These stone rings are prehistoric burial chambers from the late 3rd millenium BC. There are about fifty of those, so-called clava cairns, in this part of Scotland. Probably the most well known is the Balnuaran of Clava (picture) not far from Inverness. Here, you will find three chambers, two with chamber-passages and one without, each encircled by big standing stones - a bit like Stonehenge. Cremated bones have been found inside the chambers, but else not much is known about these mysterious Bronze Age cemeteries.
Mizdakhan is a wicked cemetery close to the border with Turkmenistan. Ancient Mizdakhan was once an important city for many centuries until it got sacked by Timur. However, it stayed a sacred place and burial site up to present. Today, the hill is covered with mausoleums and graves, including a handful of ancient tombs. There are great views over the neighbouring ruin of the mud castle Gyaur Qala and the plains that stretch into Turkmenistan.
Like their Chinese counterpart, the emperors of the Vietnamese Nguyen dynasty had some mighty fine tombs build, so they could have a descent afterlife. Though not as big as the Chinese, they were designed on the same feng-shui principals. Though keep in mind that the Chinese emperors started erecting tombs in 11th century, while all the Vietnamese ones are from the 19th and 20th century. The Nguyen dynasty had 13 emperors altogether, but only seven of them had a tomb made; Gia Long, Minh Mang, Thieu Tri, Tuc Duc, Duc Duc, Dong Khanh and Khai Dinh. The last emperor, Bao Dai (dead 1997), is buried in Paris, France. Some of the tombs have been restored while others are slowly decaying. A closer look reveals a more practical, than aesthetic, style of architecture, like tiles made of broken porcelain (tomb of Khai Dinh). The finest tomb is probably the tomb of Tu Duc, which also functioned as a retreat while Tu Duc was still alive. It was quite a lavish affair including a lake with a tiny island for hunting. The other popular tombs are the ones for Minh Mang and Khai Dinh.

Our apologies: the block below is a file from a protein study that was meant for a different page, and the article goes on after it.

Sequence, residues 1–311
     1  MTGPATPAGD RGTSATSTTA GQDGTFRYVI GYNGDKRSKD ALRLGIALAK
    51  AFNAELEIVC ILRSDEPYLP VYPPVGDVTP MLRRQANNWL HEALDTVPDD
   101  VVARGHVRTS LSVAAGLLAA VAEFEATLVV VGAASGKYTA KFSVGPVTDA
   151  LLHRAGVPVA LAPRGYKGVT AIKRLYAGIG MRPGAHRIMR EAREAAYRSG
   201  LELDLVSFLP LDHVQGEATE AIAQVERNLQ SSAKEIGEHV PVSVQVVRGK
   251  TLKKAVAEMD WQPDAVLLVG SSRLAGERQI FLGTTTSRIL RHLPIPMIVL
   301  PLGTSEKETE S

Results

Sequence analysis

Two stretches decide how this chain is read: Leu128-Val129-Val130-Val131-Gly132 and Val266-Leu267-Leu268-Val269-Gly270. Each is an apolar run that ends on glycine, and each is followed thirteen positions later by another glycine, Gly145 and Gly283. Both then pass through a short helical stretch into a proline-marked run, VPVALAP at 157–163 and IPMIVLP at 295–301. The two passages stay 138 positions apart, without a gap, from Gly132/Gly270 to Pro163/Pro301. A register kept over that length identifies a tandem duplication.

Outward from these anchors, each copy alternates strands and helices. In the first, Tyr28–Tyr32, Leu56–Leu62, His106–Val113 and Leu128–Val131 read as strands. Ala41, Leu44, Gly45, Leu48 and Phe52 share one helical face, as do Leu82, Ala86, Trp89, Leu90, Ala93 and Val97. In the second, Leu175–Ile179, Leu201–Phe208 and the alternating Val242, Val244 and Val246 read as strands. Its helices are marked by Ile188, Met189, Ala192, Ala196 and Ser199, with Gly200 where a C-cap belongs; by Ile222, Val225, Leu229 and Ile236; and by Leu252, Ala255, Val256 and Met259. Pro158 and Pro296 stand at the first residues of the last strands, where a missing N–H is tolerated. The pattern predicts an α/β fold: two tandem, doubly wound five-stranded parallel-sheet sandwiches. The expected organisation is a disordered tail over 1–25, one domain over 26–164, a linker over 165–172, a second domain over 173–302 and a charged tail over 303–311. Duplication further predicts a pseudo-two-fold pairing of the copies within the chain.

The Jarai (Gia Rai) people outside Kon Tum have some unusual cemeteries. A wooden hut is build to protect the grave and hold possessions of the deceased as well as some offerings to the spirit. Some have fence around while others are guarded by crude wooden statues and maybe decorated by jaws of the buffalo that got sacrificed during the burial ceremony. If the deceased's family can't afford a proper burial ceremony (which includes sacrificing a buffalo), it can be postpone for years. In the meantime the deceased's spirit take home in the hut and has to be taken care of with food offerings and rice wine. Only after a proper burial celebration can the spirit be released and the hut then gets abandoned.
There are several cemeteries west for Kon Tum (e.g. Plei Bur and Plei Sar villages about 15 km West from Kon Tum) and can also be seen in Ratanakiri province in Cambodia.